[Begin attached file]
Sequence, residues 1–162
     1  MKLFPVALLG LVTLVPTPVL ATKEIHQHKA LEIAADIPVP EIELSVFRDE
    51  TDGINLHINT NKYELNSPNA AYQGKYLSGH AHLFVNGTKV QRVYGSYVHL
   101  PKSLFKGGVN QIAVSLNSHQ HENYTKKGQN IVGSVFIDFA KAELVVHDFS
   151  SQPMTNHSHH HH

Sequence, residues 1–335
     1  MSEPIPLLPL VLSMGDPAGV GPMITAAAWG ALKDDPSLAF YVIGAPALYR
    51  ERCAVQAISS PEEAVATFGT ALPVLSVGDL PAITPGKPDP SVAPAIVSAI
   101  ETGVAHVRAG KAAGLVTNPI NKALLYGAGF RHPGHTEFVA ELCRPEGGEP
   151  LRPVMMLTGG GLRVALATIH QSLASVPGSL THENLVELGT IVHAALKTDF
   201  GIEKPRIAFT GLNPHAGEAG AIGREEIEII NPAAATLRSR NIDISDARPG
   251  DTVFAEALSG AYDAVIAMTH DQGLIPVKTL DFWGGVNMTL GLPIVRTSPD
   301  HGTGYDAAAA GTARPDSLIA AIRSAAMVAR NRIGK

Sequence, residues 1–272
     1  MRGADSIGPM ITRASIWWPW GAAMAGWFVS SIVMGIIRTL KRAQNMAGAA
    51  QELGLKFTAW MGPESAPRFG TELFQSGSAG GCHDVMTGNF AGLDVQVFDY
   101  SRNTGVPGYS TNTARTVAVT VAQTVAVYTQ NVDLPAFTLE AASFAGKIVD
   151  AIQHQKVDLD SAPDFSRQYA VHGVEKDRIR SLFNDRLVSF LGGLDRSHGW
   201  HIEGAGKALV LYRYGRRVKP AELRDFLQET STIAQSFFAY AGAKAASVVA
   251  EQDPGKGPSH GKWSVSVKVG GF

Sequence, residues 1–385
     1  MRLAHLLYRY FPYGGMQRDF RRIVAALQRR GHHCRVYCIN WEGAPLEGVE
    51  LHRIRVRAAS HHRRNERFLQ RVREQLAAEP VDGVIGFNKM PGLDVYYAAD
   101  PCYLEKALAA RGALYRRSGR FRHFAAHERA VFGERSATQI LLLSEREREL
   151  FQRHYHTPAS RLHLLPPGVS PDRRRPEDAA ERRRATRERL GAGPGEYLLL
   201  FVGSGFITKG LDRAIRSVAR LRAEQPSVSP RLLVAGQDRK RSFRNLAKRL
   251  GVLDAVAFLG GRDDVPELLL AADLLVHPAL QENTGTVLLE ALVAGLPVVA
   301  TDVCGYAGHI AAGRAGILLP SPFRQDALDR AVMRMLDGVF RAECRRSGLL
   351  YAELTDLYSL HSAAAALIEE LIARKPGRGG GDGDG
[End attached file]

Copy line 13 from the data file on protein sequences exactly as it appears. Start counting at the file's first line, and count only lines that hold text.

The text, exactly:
   301  HGTGYDAAAA GTARPDSLIA AIRSAAMVAR NRIGK